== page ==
The History of Mount Irvine Bay Resort

The Mount Irvine Bay Resort on the island of Tobago is one of the most iconic properties in the Caribbean, known for its award-winning golf course and four-star hotel. The resort is a modern traveller’s paradise with a fascinating past.
During construction of the hotel in 1971, evidence of an Amerindian settlement was unearthed in the form of human remains, crockery, and tools. This discovery prompted the hotel developers to commission an archaeological survey of the property and establish the Mount Irvine Museum Trust. Artefacts collected from the building site and beach are now housed in the Tobago Museum, which used to be located on the hotel property.

European settlers from many nations – Germany, the Netherlands, France, Spain, Sweden, Latvia, Great Britain – arrived in the Courland Bay (Mount Irvine) area from 1600 onwards. In 1763, Scotsman Charles Irvine bought 400 acres of Courland Bay land for $5 an acre and christened his new property Mt Irvine. Today the Mount Irvine Bay Resort sits on 154 acres of Charles Irvine’s original property.

Charles Irvine was a member of King George III’s House of Assembly in Tobago. His brother Walter was also a Tobago landowner. Charles built the Mt Irvine estate into a prosperous sugar cane plantation with over 100 slaves, making it one of the major sugar producers on the island. The remains of the sugar factory complex form part of the building that today houses the resort’s spa. The resort’s beach facility is built off the foundations of the storage depot where sugar was warehoused, awaiting transport to England by ship.

Around 1774, Charles Irvine sold Mt Irvine to a Cornishman, Daniel Matthew. Daniel was the brother of Edward Matthew, Governor General of the Leeward Islands. Daniel renamed the estate Mt Matthew. Daniel Matthew’s ownership of Mt Matthew was short-lived; he died in 1777 and his son George sold the estate to Walter Irvine. The name of the plantation reverted to Mt Irvine.

By this time sugar was Tobago’s prime crop, with peak exports in 1799. The high profits generated in the 1790s coined the phrase “rich as a Tobago Planter” in London. A small windmill on the golf course, possibly part of an early irrigation system, is a reminder of cane stalks waving gently under the hot Caribbean sun.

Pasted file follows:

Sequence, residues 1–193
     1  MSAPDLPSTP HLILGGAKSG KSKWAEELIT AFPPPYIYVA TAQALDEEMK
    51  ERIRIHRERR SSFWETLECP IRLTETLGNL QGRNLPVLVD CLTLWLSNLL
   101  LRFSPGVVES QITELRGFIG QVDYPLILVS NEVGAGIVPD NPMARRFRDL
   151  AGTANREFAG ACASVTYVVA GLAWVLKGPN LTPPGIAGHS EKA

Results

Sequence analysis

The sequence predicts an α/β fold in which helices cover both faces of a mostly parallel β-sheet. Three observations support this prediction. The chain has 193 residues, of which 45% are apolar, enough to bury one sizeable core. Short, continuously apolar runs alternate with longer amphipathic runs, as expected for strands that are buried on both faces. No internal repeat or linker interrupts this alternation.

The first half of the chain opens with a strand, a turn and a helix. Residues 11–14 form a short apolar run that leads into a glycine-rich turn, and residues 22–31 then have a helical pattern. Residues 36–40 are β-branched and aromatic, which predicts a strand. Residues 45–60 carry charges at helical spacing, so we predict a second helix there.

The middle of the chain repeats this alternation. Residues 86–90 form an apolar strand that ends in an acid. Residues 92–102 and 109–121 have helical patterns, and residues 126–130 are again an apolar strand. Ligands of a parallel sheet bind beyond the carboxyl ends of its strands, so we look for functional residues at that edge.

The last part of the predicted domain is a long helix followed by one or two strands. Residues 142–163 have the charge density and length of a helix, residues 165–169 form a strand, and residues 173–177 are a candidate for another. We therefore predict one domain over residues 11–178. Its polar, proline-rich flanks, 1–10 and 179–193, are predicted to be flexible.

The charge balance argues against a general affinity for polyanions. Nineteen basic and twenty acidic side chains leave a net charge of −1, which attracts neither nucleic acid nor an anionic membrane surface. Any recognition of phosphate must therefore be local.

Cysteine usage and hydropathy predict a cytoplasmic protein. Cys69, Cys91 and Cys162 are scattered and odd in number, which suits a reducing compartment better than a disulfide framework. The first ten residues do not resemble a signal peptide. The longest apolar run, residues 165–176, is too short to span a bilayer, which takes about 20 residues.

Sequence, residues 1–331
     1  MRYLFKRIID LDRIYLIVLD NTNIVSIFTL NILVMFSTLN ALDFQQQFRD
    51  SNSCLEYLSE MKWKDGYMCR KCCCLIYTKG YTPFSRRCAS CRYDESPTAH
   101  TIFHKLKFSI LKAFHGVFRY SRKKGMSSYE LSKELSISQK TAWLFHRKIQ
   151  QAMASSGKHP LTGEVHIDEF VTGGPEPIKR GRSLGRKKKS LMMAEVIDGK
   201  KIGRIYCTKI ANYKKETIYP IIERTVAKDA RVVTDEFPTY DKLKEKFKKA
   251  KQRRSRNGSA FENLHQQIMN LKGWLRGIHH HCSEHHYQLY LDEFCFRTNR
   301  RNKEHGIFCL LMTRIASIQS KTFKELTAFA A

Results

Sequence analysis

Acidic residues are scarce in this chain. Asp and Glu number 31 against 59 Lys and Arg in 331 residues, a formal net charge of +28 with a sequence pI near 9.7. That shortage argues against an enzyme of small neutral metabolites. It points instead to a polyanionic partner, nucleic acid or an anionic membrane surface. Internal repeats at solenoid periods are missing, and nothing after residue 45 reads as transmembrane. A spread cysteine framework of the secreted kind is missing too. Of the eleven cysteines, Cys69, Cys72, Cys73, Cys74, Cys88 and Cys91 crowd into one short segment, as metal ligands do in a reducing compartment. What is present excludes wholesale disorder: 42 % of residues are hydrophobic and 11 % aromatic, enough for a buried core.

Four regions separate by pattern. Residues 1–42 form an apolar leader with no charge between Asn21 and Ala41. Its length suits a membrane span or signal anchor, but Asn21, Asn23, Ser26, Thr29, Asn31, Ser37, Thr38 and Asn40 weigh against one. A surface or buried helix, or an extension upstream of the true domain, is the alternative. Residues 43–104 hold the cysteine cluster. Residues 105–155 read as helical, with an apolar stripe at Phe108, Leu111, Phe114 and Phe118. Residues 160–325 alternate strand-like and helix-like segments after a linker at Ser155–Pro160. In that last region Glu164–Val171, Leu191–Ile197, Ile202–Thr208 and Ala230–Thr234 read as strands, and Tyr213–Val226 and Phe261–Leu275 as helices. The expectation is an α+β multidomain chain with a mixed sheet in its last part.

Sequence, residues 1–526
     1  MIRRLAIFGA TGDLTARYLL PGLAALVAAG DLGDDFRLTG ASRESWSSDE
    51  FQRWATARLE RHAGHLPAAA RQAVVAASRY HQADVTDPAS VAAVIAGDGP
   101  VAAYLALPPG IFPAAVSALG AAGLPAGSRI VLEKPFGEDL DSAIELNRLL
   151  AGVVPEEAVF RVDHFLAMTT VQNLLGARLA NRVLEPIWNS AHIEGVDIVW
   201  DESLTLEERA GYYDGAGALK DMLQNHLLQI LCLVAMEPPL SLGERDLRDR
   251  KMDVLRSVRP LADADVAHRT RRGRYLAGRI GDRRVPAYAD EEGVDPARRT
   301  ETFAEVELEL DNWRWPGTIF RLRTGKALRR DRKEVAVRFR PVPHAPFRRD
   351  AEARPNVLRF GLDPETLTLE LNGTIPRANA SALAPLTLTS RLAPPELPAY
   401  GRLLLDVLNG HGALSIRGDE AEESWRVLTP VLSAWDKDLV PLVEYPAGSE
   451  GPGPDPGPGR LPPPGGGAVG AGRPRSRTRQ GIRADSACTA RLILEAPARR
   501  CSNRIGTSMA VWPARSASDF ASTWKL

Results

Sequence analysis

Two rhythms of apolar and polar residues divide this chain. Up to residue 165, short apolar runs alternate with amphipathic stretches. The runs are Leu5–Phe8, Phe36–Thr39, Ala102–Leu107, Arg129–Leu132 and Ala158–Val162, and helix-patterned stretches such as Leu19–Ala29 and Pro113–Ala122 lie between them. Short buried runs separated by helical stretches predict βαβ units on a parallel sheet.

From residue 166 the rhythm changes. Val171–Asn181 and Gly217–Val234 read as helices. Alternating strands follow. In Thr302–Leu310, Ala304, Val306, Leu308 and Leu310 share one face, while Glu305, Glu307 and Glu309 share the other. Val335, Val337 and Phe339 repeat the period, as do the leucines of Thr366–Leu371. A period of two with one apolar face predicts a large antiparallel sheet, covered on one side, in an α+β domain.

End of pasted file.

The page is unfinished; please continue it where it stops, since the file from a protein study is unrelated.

When Walter Irvine died in 1824, ownership of Mt Irvine passed to his son-in-law, Lord William Robert Keith Douglas. Lord Douglas, a British politician and landowner, was the son of the 4th Baronet of Kelhead, and the younger brother of the 6th and 7th Marquises of Queensbury. Mt Irvine was willed to him as part of the dowry upon his marriage to Walter’s daughter Elizabeth.

Lord Douglas built the sugar mill around which the hotel’s main restaurant is located today. It was at the time the largest sugar mill on the island. Other remnants of a sugar plantation heritage can be seen throughout the resort grounds in the form of sugar boilers, hoppers, cannons, aqueducts, water tanks, and ancient walls.

The mid to late nineteenth century was a transition period for Mt Irvine. Sugar fortunes began to sour due to a number of factors – the abolition of slavery and subsequent labour shortage; a devastating hurricane in 1847 that badly affected Tobago’s sugar crop; the collapse of the West Indian Bank, and the drop in sugar prices due to competition from European sugar beets. By 1900 the Mt Irvine estate was in the hands of Lord Douglas’s son Walter, who styled himself Walter Douglas Irvine, and the decision was made to convert to a coconut plantation.

Mt Irvine thrived as a coconut plantation until 1963 when Tobago was hit by another deadly hurricane that decimated the island’s coconut crop. Irishman Patrick Boyle Lake Coghlan, who owned the estate at that time, had the vision to convert his plantation to a hotel and golf course surrounded by residential lots for luxury homes. Thus the Mt Irvine Golf Course came to be in 1969 and the Mt Irvine Hotel opened its doors three years after.

Pat Coghlan co-owned Mt Irvine Bay Hotel and Golf Club with Kulim Berhad, a Malaysian state company. Pat Coughlan sold his interest in the property to Kulim Berhad in 1979 and the hotel became wholly Malaysian owned. By 1985 the former Mt Irvine estate was once again up for sale and for the first time, the purchaser was a son of the soil, the self-made businessman Dr Robert T Yorke.

Dr Yorke grew up in Patience Hill, just over 2 miles from Mt Irvine. As a boy he had been fascinated by the coconut plantation and as a man, he desired the property. The irony of a descendant of slaves owning a property developed by slavery was not lost on him. Dr Yorke died in 2015 but ownership of the property remains within the Yorke family.

In 2015 Mt Irvine Bay Hotel & Golf Club was rebranded Mount Irvine Bay Resort. The elegant statue of a belé dancer surrounded by cane stalks that greets patrons upon entrance to the hotel pays homage to the land’s sugar plantation history. From Amerindian settlement to tourist haven, the magical lure of the land has drawn people to this property for hundreds of years – a historic legacy worth preserving.